On the bike trail this morning I crossed paths with Stravoula (“Voula“) Charos and her 27 year old daughter Katerina (software specialist). Voula and her husband Peter are I believe first cousins of well-known brothers George (Angela) Charos and Terry (Danae) Charos. Meeting Katerina inspired me to absorb the talent and success of the Charos family. I briefly shared with Katerina my historic knowledge of the contribution of her family to the Town of Almonte. She was visibly moved by the comment. The bottom line with the Charos family is that they work hard and keep to the grindstone. What began primarily as retail expression soon turned to professionalism for the younger members of the clan. Dr. Jim Kontogiannis, DDS for example has made a terrific reputation for himself. I hasten to add however that the contributions of the Charos family to the Town are but exemplary of similar endowments of many others whom we’ve been privileged to include among our long-time notable residents.
The meeting with Voula and Katerina jokingly referenced the current boredom which predominates. This chance meeting of old acquaintances nonetheless reverberated with the gusto of infrequent society. I confess I was initially persuaded in particular by the youthful animation of Katerina. It pleased me no end to discover that she was both enthusiastic and clever. The promise of youth for the future is undeniable.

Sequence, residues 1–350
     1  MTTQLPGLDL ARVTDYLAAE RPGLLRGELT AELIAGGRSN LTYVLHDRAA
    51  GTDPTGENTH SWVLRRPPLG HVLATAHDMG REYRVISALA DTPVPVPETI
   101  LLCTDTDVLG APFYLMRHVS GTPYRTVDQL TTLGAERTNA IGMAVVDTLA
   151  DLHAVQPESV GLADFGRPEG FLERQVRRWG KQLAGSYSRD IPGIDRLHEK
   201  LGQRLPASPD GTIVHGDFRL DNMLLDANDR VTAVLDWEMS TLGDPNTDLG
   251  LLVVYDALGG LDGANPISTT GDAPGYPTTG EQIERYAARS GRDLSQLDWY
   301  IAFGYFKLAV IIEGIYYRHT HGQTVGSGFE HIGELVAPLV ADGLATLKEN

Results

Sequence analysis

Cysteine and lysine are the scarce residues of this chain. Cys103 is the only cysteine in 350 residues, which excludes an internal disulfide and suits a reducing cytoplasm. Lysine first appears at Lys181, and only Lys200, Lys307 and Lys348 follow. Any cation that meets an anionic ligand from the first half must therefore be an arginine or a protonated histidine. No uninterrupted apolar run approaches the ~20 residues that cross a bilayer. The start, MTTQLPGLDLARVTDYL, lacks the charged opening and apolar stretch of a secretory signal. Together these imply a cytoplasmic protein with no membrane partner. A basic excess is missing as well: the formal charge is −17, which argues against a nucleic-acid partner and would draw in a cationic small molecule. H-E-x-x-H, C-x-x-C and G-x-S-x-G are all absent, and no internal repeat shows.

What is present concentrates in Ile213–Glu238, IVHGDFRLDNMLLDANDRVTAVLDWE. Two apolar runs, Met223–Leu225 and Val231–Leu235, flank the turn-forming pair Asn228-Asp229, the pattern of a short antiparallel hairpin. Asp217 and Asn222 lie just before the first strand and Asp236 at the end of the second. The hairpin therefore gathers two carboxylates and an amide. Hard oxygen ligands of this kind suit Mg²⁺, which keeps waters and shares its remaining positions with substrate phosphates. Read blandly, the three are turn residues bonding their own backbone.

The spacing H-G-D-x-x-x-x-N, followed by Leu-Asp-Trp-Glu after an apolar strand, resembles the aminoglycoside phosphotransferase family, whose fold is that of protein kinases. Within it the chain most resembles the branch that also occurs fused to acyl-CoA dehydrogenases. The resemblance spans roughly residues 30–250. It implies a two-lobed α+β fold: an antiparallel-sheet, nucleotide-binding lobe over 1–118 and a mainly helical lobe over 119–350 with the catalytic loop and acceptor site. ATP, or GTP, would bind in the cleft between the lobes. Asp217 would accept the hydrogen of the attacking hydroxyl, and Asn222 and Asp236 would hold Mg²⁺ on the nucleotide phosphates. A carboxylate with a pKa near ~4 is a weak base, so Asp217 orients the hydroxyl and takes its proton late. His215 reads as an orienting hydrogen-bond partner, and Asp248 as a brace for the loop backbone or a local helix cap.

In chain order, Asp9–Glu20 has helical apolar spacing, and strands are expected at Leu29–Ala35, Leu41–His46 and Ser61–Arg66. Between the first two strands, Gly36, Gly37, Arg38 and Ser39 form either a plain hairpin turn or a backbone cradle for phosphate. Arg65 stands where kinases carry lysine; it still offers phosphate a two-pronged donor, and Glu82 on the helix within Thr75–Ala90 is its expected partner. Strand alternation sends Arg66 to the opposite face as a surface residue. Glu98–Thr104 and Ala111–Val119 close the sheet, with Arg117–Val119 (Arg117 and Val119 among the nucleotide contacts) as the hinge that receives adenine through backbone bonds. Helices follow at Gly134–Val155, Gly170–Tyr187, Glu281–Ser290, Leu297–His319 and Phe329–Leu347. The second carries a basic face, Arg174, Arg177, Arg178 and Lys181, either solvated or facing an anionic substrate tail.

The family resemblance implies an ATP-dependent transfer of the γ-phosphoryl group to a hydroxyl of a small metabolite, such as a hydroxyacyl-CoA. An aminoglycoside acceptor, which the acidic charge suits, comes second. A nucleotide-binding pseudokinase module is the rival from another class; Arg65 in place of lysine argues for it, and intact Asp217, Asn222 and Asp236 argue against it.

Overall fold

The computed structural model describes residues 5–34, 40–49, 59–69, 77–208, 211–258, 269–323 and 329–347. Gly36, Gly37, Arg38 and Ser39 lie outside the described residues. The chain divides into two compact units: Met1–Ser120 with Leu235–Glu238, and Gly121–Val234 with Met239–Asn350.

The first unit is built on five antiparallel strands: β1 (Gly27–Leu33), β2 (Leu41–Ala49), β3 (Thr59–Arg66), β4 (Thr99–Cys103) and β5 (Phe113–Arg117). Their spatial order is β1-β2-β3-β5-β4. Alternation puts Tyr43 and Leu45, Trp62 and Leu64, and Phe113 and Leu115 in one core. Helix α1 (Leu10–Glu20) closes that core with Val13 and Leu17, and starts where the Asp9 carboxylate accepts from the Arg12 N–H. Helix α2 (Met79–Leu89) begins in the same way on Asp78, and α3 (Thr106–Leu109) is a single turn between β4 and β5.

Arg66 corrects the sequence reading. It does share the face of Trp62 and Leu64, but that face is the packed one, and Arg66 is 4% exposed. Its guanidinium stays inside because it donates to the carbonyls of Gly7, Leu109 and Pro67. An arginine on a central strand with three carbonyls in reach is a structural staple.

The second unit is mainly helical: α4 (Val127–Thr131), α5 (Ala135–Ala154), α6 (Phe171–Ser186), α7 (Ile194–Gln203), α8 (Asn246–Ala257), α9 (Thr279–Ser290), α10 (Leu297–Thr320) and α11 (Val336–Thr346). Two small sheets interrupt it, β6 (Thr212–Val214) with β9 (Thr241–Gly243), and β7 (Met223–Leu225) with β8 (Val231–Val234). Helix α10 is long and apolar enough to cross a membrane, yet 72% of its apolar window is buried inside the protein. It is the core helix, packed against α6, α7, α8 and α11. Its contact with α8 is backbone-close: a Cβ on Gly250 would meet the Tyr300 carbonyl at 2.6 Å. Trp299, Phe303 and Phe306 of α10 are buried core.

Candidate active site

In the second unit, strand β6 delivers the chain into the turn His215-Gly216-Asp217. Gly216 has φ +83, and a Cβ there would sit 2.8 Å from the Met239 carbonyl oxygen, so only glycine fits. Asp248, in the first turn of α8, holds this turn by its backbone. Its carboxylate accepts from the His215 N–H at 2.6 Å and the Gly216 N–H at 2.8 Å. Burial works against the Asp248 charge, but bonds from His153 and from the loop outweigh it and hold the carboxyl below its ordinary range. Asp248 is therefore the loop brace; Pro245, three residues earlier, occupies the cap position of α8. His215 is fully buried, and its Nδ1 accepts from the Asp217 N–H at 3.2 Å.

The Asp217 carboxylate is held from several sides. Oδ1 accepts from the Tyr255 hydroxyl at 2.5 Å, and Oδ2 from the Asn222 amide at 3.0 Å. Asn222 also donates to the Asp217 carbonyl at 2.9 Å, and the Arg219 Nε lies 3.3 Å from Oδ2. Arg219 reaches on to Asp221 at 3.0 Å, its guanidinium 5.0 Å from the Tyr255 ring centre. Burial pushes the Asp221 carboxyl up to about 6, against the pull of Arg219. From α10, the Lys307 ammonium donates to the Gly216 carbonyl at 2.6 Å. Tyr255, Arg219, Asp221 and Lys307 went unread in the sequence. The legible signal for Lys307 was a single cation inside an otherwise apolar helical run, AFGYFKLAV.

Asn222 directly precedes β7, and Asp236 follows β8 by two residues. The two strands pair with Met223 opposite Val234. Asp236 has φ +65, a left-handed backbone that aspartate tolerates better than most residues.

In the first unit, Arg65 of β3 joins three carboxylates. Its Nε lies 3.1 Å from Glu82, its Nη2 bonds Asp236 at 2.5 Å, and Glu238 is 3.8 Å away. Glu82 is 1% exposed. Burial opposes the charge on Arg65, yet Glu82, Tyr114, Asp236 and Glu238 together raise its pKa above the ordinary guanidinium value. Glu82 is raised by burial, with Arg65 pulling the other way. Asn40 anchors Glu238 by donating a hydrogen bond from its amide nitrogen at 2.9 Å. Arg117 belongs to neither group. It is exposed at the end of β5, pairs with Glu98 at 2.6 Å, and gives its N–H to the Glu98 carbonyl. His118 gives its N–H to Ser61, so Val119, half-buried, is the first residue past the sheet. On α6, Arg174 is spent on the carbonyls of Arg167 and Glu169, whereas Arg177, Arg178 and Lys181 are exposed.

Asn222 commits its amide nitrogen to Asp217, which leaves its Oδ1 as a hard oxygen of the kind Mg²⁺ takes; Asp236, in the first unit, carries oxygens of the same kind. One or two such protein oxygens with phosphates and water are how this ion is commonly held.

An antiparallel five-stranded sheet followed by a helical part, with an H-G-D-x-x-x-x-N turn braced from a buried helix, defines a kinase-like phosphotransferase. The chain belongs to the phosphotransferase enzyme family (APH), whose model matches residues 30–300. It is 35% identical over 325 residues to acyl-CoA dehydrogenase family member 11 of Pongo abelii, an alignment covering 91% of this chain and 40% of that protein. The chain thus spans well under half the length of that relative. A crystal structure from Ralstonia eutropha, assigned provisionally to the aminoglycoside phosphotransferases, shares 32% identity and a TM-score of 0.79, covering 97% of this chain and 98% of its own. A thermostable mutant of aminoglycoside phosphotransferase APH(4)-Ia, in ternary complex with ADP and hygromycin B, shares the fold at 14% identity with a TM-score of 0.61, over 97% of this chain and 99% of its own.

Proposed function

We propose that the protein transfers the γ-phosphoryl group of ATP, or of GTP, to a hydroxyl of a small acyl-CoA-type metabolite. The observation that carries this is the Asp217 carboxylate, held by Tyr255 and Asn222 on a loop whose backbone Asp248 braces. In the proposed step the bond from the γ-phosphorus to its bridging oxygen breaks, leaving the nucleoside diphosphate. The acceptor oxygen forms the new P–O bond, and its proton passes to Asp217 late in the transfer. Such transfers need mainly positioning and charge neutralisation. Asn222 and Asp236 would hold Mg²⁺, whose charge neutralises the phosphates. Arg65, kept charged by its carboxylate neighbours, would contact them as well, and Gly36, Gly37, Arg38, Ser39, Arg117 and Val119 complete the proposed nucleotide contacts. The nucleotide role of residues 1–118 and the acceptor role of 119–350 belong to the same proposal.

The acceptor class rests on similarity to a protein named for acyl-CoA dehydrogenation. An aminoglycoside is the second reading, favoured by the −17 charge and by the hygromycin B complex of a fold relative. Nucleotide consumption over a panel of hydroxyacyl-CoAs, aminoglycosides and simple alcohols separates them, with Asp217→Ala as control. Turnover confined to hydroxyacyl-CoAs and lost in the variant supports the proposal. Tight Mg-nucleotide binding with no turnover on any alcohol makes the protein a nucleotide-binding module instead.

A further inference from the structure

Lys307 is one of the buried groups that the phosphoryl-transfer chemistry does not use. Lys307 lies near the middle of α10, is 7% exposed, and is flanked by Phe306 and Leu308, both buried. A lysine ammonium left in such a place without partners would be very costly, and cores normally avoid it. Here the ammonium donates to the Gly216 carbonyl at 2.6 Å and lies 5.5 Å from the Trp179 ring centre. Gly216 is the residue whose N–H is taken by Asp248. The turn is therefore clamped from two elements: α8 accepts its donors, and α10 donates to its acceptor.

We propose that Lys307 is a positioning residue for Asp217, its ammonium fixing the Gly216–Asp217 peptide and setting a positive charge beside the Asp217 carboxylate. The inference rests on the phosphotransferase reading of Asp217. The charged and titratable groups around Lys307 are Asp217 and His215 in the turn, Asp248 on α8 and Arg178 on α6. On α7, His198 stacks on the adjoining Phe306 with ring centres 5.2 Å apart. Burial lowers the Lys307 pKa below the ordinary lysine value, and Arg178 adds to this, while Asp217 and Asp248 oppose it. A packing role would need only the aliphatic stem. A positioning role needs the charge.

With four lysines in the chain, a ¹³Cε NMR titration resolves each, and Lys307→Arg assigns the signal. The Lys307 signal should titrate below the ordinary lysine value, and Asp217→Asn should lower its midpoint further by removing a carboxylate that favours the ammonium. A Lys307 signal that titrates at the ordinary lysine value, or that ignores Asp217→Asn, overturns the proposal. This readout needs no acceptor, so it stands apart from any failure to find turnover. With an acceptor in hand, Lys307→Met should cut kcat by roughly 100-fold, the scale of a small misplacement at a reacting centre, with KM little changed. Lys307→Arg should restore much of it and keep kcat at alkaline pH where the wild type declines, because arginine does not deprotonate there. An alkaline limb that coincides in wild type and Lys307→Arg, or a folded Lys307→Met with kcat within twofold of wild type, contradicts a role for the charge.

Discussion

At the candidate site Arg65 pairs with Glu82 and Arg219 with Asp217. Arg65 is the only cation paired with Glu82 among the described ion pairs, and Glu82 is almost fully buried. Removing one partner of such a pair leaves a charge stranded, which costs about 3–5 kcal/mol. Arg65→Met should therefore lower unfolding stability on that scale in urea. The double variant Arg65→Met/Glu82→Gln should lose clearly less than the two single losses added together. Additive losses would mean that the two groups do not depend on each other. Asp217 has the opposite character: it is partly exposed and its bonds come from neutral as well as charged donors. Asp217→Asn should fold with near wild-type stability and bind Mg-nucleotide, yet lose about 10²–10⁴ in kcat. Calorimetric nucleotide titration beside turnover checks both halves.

Regarding a quite unrelated topic, I ventured this afternoon across the doorstep of Kenny Lauzon at his family’s music store on Wellington Street (Westboro) in Ottawa. It was the first time I have been there for many years. The last time I went – say ten years ago – I saw a Steinway salon grand piano similar to my own for sale for $106,500. For comparison my own piano – purchased over 30 years previously – cost $35,000. Indeed my piano (a brown mahogany) was by standard of colour superior to the new Steinway which was black. I mention these vulgar details as introductory to the observation that when I visited Lauzon’s today there was not one Steinway piano to be seen on the floor. Instead the new models are Seiler. Having played one there I can report I haven’t a clue about their retail price. Nor will I enquire (other than perhaps for merely “technical” purposes).
“Seiler Pianos USA | World Class Pianos | Traditional German Craftsmanship. More about Seiler. Seiler was founded in 1849 when Eduard Seiler started handcrafting pianos in Liegnitz, Germany. By 1923, the company had become the largest piano manufacturer in Eastern Europe, producing roughly 3,000 pianos each year.
Here is a bit of information I found on the internet reputedly showing costs for the 10 most popular pianos:
|Brand||Upright||Baby Grand||Concert Grand|
|Mason & Hamlin||$28,210||$62,750||$139,000|
By further comparison here is an instrument from Seiler for $26,450:
All this preamble distorts the genuine nature of my objective at the store. I have no intention of buying another piano – neither upright nor grand – since we haven’t the space for one in our apartment. What instead I pursued today was an enquiry regarding the capacity of electronic pianos to connect to an iPhone for recording purposes. My present electronic piano is Korg SP-280. Let me put it this way, the investigation is a work in progress.